"The local anglers were not amused at first, but they soon entered into the spirit of things; and most of us swam and canoed before the party ended."

"Revenue streams" by David Hoppit in the Sunday Times, November 3, 2002

Friday 4 February 2011

Canoeing and kayaking on the River Itchen Navigation starts here...

This blog was registered over a year ago, but has finally been given an unintentionally early kick start by an encounter described below, which is taken with permission from the author on the Song Of The Paddle forum.

"A walk with 4 interesting conversations

It was a lovely day yesterday and I was out walking along a public footpath along the Itchen Navigation, I with my open boat and another friend with a kayak.

Three times during the walk we were questioned about it.

The first time was by a river keeper from the local fishing club, who said it would be illegal to paddle . When I mentioned the Navigation acts, he denied the acts were still valid and wouldn't apply to the river sections even if they were, and complained we'd be creating environmental mayhem if we paddled by destroying the banks and silting the river. He then threatened to have us hauled out the water if we were found paddling and that we'd get nowhere along the river. Sadly I did not record the conversation, it would have been useful later on, conspiracy to assault?. The Environment Agency employee who overheard this remarked to my friend that as far as he was concerned we'd be doing less damage than the dogs people let loose and which went in the river (there are dog dips set along the path) and that canoeing has very little impact.

The second was by the owner of a house we were passing, who very civilly spoke to us, letting us know that bit of the navigation was part of his property and we could not paddle, and that the navigation acts were no longer valid owing to a court ruling case in the seventies taken by the Test and Itchen Association, on account of the poor behaviour of a group of canoeists. I said if that were the case, and it did take precedence in law over the acts and ruled out a right of Navigation, then I'd let other paddlers know about it. He couldn't remember details, but he thought that it had been taken by the Test and Itchen Association, and it had been in the local papers.

He also said that the value in his property and the income from the fishing rights in his property fishing (only two rods) was modest but necessary to him, and would be adversely affected by a right of navigation (as has happened in Scotland, allegedly, anyone have any figures for this?). This was a fair enough argument to raise.

He was a great example of how to deal with a potentially contentious issue - polite, civilised and firm in his viewpoint, with good points made to back it up without arguing. A great contrast to the earlier encounter.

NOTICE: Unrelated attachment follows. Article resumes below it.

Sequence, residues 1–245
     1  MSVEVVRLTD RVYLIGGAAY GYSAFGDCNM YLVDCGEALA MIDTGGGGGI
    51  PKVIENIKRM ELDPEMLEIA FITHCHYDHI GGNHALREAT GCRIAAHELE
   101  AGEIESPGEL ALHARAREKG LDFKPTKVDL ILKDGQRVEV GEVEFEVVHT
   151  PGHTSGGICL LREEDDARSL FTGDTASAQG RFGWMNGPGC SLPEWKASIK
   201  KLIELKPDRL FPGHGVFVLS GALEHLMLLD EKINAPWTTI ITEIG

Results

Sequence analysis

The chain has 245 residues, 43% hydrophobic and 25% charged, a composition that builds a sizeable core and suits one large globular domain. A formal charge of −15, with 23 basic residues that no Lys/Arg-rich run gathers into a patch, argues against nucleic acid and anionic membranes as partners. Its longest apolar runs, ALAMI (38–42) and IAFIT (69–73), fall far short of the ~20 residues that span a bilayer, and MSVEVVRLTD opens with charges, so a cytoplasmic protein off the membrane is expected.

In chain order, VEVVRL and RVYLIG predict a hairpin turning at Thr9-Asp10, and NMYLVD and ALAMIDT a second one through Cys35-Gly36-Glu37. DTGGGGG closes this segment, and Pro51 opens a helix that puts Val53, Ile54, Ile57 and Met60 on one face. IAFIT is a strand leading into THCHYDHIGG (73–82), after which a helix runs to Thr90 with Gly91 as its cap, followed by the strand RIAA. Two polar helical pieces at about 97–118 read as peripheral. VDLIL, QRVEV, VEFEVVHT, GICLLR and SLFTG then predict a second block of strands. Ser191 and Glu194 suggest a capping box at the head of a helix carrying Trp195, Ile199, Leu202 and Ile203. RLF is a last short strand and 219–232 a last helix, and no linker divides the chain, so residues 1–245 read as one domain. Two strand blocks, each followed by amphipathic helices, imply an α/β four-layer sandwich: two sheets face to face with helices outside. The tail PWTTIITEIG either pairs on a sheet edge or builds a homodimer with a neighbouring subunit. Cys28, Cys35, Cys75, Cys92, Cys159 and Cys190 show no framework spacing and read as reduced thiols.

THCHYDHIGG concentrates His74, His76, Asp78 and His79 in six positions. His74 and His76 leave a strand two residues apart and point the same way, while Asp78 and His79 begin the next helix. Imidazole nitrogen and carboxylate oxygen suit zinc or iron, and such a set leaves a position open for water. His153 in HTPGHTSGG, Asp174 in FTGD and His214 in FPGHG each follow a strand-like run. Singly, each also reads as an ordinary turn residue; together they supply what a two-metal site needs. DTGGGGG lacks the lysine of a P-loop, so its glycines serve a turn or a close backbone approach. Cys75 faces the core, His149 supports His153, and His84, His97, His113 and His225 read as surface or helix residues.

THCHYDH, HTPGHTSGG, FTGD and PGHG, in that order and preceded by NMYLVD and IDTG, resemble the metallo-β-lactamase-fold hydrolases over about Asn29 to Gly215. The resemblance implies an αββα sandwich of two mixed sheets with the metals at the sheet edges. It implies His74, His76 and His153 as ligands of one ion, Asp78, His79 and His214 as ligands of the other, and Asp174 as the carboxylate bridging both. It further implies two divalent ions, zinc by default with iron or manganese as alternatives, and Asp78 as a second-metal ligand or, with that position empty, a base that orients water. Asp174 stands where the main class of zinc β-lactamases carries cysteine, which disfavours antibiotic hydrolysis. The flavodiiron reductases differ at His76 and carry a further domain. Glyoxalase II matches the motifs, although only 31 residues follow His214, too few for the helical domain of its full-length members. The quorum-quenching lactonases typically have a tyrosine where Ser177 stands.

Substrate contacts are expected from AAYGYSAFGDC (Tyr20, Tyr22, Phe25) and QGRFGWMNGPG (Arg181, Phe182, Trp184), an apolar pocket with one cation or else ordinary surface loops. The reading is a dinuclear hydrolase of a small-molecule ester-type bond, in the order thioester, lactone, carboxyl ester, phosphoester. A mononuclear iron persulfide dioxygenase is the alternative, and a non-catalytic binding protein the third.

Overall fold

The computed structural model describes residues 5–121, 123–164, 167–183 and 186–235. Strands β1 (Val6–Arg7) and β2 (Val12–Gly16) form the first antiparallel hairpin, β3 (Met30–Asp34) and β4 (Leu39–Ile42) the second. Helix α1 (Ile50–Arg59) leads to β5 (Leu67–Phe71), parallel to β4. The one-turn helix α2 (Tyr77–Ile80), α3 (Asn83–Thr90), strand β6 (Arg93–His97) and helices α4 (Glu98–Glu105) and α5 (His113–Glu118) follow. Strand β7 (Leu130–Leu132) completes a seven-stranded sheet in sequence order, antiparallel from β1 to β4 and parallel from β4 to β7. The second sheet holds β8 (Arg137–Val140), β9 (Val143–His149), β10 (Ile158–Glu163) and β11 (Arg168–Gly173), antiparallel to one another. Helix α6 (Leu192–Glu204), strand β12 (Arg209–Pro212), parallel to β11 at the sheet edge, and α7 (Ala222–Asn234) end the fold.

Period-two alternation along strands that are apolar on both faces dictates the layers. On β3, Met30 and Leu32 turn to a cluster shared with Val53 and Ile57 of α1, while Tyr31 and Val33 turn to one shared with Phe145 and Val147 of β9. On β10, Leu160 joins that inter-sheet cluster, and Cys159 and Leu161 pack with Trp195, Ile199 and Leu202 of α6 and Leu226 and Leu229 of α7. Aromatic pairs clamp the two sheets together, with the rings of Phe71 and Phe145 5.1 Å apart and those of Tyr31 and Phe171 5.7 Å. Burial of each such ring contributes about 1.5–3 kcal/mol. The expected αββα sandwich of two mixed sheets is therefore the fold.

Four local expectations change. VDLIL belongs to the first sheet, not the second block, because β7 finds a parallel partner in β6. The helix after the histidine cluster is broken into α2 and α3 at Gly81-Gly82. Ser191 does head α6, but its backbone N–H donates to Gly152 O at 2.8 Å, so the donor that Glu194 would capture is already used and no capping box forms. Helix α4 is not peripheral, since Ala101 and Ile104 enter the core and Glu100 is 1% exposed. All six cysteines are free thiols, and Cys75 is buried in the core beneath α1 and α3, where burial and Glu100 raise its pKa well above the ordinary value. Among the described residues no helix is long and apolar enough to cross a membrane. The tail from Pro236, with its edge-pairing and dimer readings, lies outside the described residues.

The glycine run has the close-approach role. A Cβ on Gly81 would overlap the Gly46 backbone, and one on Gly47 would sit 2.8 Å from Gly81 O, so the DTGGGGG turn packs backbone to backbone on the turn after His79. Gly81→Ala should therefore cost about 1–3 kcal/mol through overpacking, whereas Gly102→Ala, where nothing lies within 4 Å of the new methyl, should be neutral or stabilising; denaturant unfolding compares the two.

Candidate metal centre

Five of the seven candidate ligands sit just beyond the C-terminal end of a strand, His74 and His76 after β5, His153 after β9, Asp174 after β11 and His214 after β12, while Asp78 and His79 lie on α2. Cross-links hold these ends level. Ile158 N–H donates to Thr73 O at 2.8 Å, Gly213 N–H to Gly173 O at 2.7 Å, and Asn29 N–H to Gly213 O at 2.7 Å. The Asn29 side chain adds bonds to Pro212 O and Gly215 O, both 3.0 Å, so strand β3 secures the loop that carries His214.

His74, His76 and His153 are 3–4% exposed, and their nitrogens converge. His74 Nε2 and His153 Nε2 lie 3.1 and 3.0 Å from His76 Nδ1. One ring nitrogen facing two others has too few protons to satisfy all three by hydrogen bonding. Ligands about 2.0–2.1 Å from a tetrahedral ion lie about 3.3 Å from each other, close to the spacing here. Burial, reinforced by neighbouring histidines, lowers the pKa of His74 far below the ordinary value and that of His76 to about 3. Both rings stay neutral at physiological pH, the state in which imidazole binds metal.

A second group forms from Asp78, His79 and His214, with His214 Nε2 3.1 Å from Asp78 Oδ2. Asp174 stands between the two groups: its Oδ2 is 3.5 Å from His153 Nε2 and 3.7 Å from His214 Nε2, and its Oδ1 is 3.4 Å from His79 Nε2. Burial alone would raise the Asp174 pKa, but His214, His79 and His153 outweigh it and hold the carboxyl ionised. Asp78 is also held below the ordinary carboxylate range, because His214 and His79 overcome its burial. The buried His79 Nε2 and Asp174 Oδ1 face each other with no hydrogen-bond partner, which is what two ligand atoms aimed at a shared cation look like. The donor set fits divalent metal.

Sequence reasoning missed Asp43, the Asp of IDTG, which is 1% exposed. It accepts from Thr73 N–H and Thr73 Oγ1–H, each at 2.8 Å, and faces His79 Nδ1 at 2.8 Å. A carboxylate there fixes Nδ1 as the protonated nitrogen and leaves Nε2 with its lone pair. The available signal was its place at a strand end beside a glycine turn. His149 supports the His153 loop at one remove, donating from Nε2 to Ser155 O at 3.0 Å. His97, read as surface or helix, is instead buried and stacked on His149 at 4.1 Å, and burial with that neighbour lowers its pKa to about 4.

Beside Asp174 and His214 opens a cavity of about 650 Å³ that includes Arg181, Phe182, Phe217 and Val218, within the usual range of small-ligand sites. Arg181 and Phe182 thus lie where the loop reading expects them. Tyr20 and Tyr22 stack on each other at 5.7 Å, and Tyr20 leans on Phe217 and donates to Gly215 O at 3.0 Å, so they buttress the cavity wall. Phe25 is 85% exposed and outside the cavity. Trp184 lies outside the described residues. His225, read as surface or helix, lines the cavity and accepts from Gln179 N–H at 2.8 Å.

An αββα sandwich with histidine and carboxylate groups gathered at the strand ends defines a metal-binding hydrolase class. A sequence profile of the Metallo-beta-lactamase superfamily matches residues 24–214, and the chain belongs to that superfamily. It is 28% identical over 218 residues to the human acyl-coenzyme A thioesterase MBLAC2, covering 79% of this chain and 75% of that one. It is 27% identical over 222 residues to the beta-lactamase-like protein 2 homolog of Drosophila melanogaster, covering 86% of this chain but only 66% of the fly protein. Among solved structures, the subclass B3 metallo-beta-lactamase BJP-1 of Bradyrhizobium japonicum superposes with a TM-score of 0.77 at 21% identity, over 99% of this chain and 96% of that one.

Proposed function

A bit later on we came across a police constable coming the other way who wanted a word with us, as concerns had been raised. He might have had to walk some distance to reach us, we were going pretty slowly with all the carrying and conversation we'd had on the way. At least he was aware it was a civil matter,wasn't going to stop us and just asked for our contact details and went on his way. I should have mentioned the threats we 'd received, but I had no evidence . A waste of police time and taxpayers money that he was called out in my opinion, I will try and find out why they thought they should be involved.

We then went home."

There is off-road parking for three vehicles at the single passsage bridge over the Itchen on Kiln Lane.  This is a popular location for walkers of the Itchen Way footpath to park, and care should be taken when portaging past Kingfisher Lodge from Downs Bridge and crossing the road.

"It was an interesting walk through a lovely if somewhat muddy countryside. Didn't see a single fish or angler except on the way back to pick up the car, there were some at the southern water station. Lots of other walkers, many with dogs., but a pig of path to carry an open boat along . Probably won't do it again (be easier to walk it with a kayak, assuming you can take the abuse).

I've not found any reference to the case yet, and I have access to some quite good resources. If I do find it or anyone knows anything about it let me know.

I did look up the price of property and fishing rights - can see why landowners and fisheries wish to keep it exclusive (Type fishing rights for sale into your favourite search page. You'll be surprised). Doesn't excuse threatening behaviour by their employees or members, or preventing people exercising lawful rights of passage where these exist."

Congratulations to the Bishopstoke Fishery employee, who no doubt thought he had been suitably intimidating and authoritative (he did have a couple of young ladies in the background to impress), but failed to recognise that we were carrying our boats to avoid trespass, and who has now generated further debate on the right to canoe and kayak the River Itchen Navigation.